Neon Rush is back!


The annual charity night run is returning to shower the streets of Miri with its signature fluorescent colours this coming October. So lace up your running shoes and put on your neon, glow-in-the-dark accessories. It’s going to be a spectacle to behold!


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“But wait, I’m a clueless first-time runner, what do I do?” you may ask yourself.


A marathon may seem like an intimidating and exhausting endeavour  (which it is). But fret not, with the proper planning and preparation you can definitely make it through without breaking a sweat (obvious lie).  


Anything from pre-marathon prep to pre-pre-marathon research will give you the edge to complete this gruelling task. For instance, excess food intake and overly intense training will make your run a torturous affair. But optimal training, coupled with sufficient rest will make your endorphin-filled journey a pleasant one.


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That said, there are a lot of beginners that know nothing about the sport of running. Therefore, they are likely to make mistakes when it comes to joining their first marathon. Furthermore, even seasoned veterans may make the same mistakes from time to time.  


In this article, we will outline the common mistakes that runners may make. This article will cover anything from the registration process to running the marathon itself.


Registering For Your Marathon


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This is a common one. As the marathon trend is becoming ever popular, more and more organizers are jumping on the bandwagon. You’ll find a lot more marathons organized today than in the past few years.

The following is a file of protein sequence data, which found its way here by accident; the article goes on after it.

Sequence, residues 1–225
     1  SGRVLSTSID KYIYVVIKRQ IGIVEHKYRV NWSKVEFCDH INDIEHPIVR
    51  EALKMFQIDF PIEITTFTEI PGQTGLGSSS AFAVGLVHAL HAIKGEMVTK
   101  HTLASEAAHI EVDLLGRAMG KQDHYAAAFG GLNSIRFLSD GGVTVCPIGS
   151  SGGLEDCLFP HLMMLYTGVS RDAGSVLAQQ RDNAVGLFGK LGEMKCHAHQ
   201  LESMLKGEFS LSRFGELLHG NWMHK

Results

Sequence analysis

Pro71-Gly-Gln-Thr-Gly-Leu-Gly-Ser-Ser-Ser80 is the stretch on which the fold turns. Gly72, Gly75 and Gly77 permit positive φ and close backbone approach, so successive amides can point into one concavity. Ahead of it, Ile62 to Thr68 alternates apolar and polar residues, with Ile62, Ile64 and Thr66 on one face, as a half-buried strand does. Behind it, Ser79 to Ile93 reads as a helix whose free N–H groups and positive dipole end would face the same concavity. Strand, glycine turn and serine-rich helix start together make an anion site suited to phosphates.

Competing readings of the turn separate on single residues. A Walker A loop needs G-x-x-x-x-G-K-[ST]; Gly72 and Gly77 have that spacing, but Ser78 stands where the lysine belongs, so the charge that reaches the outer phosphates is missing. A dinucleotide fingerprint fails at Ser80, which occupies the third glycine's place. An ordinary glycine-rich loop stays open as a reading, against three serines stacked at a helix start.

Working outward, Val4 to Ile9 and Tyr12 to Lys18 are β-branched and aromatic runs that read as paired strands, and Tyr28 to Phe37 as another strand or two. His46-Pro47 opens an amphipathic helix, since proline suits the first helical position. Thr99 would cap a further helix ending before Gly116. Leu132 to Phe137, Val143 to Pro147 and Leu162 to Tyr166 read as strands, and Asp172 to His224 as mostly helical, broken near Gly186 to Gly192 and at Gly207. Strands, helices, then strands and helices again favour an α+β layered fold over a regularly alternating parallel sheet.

Some of these marathons may be hit-or-miss, while others may be widely popular. But one thing is for certain, you should always do your research before you register for a marathon!


We’re not saying all organizers are unscrupulous, but there are those that seek to take advantage of your naiveté. Their goal? To relieve you of your hard-earned cash while doing the bare minimum in order to avoid being labelled scams.


Didn’t bother to do your research? What entails could be a poorly planned event masquerading as a “marathon”. From poorly thought out routes to subpar “goodies”, you will face this unfortunate circumstance if you do not do your due diligence. And worst still, the event could even get cancelled at the last minute!


If history has shown thus far, people will do whatever it takes to get ahead, so don’t fall into this pit trap. And always, always do background checks on the organizers, venue, potential weather conditions, etc.


Pre-Marathon Prep: The Training Plan